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Social Effectiveness Therapy Beats Social Anxiety, Study Shows
Social Effectiveness Therapy Beats Social Anxiety, Study Shows

Social Effectiveness Therapy Beats Social Anxiety, Study Shows

At some point in our lives, we all experience symptoms of anxiety. Public speaking or other unfamiliar situations can provoke natural feelings of anxiety. When these natural feelings turn into excessive anxiety and worry, they might be classified as an anxiety disorder.

In DSM-5, social anxiety disorder, also known as social phobia, is defined as a pronounced and persistent fear of scrutiny in social or performance situations, and it may account for up to 70% of all clients (Beidel et al., 2014).

SAD has its onset in adolescence and affects about 2% of the general population (Turner et al., 1994). SAD influences social, occupational and academic aspects of people’s lives.

Luckily, we can help people with SAD. A new study, a randomized controlled trial, by Deborah Beidel and her colleagues (2014) shows that social effectiveness therapy (SET) can be impressively effective in reducing social anxiety.

The authors compared the effectiveness of exposure therapy and SET. They used self-reports, blinded clinical ratings, and blinded assessment of social behavior.

SET is a multicomponent treatment approach in contrast to exposure therapy alone. It consists of: (1) psychoeducation, (2) social skills training, (3) in vivo and/or imaginal exposure, and (4) programmed practice (see Turner et al., 1994, for further information).

106 individuals with SAD were randomized to exposure therapy, SET, or to a wait list control. The results of the treatments were as follows:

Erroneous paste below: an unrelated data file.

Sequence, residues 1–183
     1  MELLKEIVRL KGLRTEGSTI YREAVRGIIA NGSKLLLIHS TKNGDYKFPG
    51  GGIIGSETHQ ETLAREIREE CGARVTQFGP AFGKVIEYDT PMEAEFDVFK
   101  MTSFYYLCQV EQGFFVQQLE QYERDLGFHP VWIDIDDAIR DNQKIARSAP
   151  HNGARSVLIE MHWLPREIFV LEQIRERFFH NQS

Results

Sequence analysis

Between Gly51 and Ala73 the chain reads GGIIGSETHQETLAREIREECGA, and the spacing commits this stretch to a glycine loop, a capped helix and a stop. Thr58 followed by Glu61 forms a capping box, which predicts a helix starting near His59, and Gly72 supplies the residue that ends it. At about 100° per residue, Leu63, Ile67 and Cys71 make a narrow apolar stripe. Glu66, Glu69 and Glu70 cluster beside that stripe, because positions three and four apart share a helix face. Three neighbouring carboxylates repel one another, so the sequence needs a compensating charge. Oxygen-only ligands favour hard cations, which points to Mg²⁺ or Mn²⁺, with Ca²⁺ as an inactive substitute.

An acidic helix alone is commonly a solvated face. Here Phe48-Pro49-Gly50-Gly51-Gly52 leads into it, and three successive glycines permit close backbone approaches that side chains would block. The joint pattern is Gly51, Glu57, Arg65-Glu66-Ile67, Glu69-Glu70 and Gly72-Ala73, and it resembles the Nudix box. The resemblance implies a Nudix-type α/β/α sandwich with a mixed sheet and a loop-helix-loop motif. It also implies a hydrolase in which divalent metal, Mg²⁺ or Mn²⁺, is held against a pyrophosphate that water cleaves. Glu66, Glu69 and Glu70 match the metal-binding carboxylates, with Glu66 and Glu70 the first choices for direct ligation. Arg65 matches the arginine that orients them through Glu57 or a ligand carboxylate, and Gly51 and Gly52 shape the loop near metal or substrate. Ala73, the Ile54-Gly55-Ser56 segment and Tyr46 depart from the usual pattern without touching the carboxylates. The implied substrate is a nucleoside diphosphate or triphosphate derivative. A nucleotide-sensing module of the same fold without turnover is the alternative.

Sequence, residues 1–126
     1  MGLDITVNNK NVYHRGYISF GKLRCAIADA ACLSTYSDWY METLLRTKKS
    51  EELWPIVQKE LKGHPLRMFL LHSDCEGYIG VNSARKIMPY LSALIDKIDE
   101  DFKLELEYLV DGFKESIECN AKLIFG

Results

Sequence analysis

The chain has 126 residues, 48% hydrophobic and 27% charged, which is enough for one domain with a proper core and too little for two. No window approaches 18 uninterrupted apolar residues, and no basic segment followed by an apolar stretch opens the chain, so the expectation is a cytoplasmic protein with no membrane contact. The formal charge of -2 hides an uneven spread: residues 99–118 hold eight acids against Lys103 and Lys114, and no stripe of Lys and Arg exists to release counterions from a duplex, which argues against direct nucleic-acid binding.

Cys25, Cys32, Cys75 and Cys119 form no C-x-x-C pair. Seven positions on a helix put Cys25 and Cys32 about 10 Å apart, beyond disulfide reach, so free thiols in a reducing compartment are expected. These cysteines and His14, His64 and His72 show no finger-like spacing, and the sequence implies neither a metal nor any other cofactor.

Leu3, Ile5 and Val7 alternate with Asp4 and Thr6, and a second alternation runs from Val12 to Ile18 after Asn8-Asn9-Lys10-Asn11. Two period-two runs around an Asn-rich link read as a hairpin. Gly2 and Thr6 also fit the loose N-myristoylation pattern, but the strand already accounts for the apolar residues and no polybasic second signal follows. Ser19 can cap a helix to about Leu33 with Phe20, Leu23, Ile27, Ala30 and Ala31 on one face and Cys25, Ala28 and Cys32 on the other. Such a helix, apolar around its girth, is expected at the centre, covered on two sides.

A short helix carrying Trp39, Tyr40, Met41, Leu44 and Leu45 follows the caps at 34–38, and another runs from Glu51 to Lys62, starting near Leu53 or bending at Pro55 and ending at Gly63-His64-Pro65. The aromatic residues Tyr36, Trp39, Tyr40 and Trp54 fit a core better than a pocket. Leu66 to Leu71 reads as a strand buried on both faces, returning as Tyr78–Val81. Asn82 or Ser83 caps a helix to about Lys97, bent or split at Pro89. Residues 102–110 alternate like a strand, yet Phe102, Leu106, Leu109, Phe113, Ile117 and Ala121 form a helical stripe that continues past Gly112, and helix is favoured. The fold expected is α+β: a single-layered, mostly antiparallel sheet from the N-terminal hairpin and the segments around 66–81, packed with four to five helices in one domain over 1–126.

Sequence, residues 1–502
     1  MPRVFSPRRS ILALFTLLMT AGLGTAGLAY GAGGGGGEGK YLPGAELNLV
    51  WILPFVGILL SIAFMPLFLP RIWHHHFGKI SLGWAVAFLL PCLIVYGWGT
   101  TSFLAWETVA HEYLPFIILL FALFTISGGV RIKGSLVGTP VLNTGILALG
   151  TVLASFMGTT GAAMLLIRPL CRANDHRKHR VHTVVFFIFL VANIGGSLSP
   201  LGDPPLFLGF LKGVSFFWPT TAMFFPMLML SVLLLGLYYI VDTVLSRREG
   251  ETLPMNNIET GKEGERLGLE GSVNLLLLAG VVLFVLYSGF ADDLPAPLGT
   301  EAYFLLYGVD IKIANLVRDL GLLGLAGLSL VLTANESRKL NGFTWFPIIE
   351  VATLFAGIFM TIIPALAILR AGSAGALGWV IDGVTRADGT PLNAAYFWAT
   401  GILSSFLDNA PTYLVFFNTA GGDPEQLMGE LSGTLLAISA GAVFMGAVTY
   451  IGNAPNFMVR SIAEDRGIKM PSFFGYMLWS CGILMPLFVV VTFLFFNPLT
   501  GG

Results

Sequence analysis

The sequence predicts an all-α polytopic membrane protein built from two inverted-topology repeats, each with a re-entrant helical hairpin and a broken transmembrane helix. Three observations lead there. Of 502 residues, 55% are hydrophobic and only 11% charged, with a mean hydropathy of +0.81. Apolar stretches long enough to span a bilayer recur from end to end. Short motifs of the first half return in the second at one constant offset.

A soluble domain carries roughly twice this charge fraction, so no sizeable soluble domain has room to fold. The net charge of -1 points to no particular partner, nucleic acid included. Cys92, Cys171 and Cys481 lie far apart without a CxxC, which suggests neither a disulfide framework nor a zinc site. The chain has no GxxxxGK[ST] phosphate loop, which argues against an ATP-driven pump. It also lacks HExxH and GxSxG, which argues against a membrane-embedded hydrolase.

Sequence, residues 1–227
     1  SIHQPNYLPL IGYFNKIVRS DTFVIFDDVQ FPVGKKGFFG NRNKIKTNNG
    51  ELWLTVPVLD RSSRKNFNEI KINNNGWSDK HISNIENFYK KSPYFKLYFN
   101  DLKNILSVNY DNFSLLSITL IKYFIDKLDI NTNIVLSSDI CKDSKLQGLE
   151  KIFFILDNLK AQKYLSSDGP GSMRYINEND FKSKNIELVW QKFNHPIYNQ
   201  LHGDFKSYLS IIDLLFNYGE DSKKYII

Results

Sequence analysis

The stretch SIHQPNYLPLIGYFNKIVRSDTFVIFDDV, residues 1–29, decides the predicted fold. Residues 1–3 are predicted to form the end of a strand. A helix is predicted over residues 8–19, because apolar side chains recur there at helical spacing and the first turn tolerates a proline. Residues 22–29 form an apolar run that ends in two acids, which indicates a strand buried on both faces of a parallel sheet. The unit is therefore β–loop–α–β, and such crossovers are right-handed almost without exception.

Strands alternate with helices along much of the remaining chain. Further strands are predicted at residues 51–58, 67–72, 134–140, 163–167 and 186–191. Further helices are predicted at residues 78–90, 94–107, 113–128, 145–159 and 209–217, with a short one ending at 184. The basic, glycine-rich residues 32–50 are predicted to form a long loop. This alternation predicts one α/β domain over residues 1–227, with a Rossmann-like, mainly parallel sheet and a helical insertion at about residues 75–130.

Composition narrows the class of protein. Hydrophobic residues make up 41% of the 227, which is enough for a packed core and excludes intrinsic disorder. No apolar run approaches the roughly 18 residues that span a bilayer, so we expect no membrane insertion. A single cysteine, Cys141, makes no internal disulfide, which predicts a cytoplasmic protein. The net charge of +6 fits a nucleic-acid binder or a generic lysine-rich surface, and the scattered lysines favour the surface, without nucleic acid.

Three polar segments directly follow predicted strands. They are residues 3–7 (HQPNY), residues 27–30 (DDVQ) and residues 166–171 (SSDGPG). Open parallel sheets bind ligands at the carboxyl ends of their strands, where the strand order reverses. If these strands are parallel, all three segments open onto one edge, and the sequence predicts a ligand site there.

“Both interventions significantly reduced distress in comparison to the wait list control and at post-treatment, 67% of patients treated with SET and 54% of patients treated with exposure therapy alone no longer met diagnostic criteria for SAD . . .


When compared to exposure therapy alone, SET produced superior outcomes on measures of social skill and general clinical status . . . participants treated with SET or exposure reported clinically significant decreases on two measures of self-reported social anxiety and several measures of observed social behavior.”

The authors addressed several limitations in the existing literature:

“. . . First, we included direct observation of behavioral skill using several different behavioral tasks. Second, unlike most previous investigations, we assessed clinical significance as well as statistical significance, using a normative comparison group.”

So, exposure therapy and SET are both effective treatments for social anxiety, but SET may produce greater effects. In other words, people with SAD benefit the most from a combination of exposure therapy and social skills training.

Exposure is an essential component in the treatment of anxiety, and research shows that social skills training alone isn’t effective in improving social skills (Poniah & Hollon, 2008). The two approaches should be combined for the best results.



Beidel, D., Alfano, C., Kofler, M., Rao, P., Scharfstein, L., & Wong Sarver, N. (2014). The impact of social skills training for social anxiety disorder: A randomized controlled trial Journal of Anxiety Disorders, 28 (8), 908-918 DOI: 10.1016/j.janxdis.2014.09.016
Image: David Shankbone


  1. Holly